In the game – the longest World Series game in length of time (five hours and forty-one minutes) and tied for the longest in number of innings (fourteen, tied with Game 2 of the 1916 World Series) – Lance Berkman singled with one out after a Craig Biggio lead-off double in the bottom of the first as the Astros struck early. The White Sox had a rally snuffed in the top of the second inning; after Paul Konerko hit a lead-off double and A.J. Pierzynski walked, Aaron Rowand hit into a line-drive double play. Adam Everett caught the ball and then doubled Konerko off second by flipping the ball to Biggio, who stepped on the bag. Houston scored in the bottom of the third when Everett led off with a walk. Everett got caught in a rundown and got hit by the ball on a Juan Uribe throwing error that hit Everett. A Roy Oswalt sacrifice bunt and a Biggio single sent Everett home. Berkman singled again with two out, sending Biggio to third. Then Morgan Ensberg singled Biggio home for the third run of the game. Jason Lane led off the Astros' fourth with a home run to left-center field. It was later shown in replays that the ball should not have been ruled a home run, hitting the left side of the yellow line on the unusual wall in left-center field. The White Sox rallied in the top of the fifth, true to their "Win Or Die Trying" mantra of 2005, starting with a Joe Crede lead-off homer. Uribe, on first after hitting a single, scored on a Tadahito Iguchi base hit with one out, followed by Scott Podsednik coming home on a duck-snort single by Jermaine Dye. Pierzynski hit a two-out double to Tal's Hill, driving in two runs, scoring Iguchi and Dye giving the White Sox the lead. The Astros rallied in the last of the eighth with two outs when Lane's double scored Ensberg with the tying run after back-to-back walks by Ensberg and Mike Lamb, giving Dustin Hermanson a blown save. Houston tried to rally to win in the ninth, but stranded Chris Burke at third, after he had walked, reached second on an error and stolen third. The Astros tried again in the tenth as well as in the eleventh, but failed each time. In the top of the fourteenth, after the Sox hit into a spectacular double play started by Ensberg, Geoff Blum (a former Astro) homered to right with two outs off Ezequiel Astacio. After two infield singles by Rowand and Crede that went a total of 150 feet according to McCarver, Uribe walked, and then Chris Widger walked thanks to Astacio's sudden wildness. The Astros tried to rally with the tying runs on first and third and two outs after a Uribe error, but Game 2 starter Mark Buehrle earned the save for winning pitcher Dámaso Marte when Everett popped out, bringing the White Sox one game closer to their first World Championship in eighty-eight years. Buehrle became the first pitcher ever to start a game in the Series, and save the next one.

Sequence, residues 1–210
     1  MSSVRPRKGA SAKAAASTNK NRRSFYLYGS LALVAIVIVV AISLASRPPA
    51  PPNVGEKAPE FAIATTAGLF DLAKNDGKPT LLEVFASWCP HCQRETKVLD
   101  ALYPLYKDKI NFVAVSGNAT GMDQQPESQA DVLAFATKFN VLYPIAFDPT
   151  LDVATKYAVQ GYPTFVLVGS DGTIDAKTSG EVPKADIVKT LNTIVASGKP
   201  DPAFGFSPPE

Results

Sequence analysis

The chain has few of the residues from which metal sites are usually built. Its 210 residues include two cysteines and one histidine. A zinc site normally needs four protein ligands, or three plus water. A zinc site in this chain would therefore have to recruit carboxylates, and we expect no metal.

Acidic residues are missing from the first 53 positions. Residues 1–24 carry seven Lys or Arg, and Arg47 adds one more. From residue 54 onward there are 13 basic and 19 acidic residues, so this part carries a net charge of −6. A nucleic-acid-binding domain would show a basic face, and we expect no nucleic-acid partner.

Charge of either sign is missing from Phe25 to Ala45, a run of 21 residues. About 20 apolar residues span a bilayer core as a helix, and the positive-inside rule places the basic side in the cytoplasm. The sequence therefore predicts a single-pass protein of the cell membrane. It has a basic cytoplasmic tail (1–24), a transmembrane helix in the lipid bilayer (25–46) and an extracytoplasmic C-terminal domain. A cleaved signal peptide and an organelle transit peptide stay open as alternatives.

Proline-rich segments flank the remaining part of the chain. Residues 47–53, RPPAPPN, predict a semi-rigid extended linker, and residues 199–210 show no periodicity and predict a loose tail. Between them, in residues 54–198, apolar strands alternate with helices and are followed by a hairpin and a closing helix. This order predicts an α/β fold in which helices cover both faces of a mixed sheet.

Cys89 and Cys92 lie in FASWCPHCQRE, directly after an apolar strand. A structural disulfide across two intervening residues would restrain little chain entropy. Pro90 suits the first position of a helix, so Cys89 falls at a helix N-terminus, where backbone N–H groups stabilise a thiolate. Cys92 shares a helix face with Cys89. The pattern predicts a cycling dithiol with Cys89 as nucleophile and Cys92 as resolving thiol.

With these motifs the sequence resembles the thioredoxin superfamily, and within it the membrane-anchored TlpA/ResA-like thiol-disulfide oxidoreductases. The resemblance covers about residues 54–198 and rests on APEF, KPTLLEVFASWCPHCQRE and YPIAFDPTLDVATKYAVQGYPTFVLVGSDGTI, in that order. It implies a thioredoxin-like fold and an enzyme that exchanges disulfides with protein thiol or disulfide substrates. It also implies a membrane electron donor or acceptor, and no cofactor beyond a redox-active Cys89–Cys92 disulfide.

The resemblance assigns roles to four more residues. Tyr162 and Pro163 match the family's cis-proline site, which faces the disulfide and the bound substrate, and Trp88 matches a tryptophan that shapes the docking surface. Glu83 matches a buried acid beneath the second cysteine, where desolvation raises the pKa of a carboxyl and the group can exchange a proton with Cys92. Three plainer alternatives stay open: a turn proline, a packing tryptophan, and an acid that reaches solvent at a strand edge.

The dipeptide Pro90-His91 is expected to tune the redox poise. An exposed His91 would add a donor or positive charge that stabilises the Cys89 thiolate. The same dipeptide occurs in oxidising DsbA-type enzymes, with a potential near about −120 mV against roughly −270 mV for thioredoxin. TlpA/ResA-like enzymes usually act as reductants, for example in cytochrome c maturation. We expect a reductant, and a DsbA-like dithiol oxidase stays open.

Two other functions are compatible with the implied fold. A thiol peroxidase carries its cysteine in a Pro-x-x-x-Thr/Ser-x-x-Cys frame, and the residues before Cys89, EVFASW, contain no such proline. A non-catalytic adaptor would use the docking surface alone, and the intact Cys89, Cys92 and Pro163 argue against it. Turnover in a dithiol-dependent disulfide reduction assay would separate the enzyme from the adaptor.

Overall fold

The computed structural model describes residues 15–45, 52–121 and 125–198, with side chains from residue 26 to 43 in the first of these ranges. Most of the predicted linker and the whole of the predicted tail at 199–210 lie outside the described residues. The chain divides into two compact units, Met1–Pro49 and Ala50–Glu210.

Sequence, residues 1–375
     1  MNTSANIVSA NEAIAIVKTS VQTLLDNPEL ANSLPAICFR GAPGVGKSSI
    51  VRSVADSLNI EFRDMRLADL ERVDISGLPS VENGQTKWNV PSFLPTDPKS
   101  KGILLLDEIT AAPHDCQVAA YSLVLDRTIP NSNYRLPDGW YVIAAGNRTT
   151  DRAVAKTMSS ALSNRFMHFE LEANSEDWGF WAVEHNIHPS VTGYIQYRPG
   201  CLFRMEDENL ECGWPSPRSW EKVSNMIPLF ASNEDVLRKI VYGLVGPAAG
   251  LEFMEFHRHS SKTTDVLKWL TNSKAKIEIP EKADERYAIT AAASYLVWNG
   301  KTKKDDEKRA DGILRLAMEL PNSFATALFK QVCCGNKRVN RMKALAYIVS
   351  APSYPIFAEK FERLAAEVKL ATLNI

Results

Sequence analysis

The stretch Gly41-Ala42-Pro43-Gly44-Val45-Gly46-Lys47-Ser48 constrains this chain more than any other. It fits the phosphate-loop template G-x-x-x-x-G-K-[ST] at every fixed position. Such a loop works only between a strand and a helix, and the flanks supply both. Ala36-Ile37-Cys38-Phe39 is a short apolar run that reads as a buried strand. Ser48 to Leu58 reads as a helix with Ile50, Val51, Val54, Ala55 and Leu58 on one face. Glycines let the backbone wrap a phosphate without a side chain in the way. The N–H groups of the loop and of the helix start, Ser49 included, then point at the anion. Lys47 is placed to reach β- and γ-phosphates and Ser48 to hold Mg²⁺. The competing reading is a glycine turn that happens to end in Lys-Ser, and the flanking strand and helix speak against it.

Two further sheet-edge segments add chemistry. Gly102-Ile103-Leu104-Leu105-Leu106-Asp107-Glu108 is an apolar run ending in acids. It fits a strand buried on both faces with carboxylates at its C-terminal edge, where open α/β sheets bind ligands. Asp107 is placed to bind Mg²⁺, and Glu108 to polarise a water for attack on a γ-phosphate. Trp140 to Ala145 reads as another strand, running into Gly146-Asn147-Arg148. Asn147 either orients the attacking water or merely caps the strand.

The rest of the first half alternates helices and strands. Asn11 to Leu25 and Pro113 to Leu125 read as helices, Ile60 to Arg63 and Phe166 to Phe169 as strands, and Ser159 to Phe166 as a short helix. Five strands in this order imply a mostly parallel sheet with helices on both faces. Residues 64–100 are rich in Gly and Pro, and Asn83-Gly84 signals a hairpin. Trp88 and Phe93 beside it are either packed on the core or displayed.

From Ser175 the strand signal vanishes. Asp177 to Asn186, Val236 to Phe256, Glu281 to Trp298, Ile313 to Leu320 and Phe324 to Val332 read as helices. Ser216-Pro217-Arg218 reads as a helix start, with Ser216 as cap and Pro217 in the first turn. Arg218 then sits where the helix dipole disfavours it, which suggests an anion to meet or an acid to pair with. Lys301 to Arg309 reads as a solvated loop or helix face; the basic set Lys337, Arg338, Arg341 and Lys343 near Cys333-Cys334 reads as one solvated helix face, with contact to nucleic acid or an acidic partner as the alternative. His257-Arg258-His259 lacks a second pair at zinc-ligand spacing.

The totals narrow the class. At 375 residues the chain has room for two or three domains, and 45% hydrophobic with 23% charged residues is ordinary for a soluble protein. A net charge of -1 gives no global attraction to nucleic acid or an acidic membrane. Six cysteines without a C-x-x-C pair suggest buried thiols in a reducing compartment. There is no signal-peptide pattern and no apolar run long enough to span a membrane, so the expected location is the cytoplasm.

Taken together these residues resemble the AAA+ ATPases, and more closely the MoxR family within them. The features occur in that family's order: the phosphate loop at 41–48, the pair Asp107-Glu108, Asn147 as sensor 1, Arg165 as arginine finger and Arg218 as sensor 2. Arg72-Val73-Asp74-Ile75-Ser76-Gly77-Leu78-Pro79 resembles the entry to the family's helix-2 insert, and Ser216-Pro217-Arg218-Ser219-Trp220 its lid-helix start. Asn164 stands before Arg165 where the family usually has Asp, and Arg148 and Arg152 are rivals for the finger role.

There were many records set or tied in the game besides time and innings: The teams combined to use seventeen pitchers (nine for the White Sox, eight for the Astros), throwing a total of 482 pitches, and walking twenty-one batters combined (a dozen by Chicago, nine by Houston); forty-three players were used (the White Sox used twenty-two and the Astros used twenty-one), and thirty men were left on base (fifteen for each team), all new high-water marks in their categories in Fall Classic history. Scott Podsednik set a new all-time record with eight official-at-bats in this game. One record that was tied was most double plays turned, with six (four by the Astros, two by the White Sox).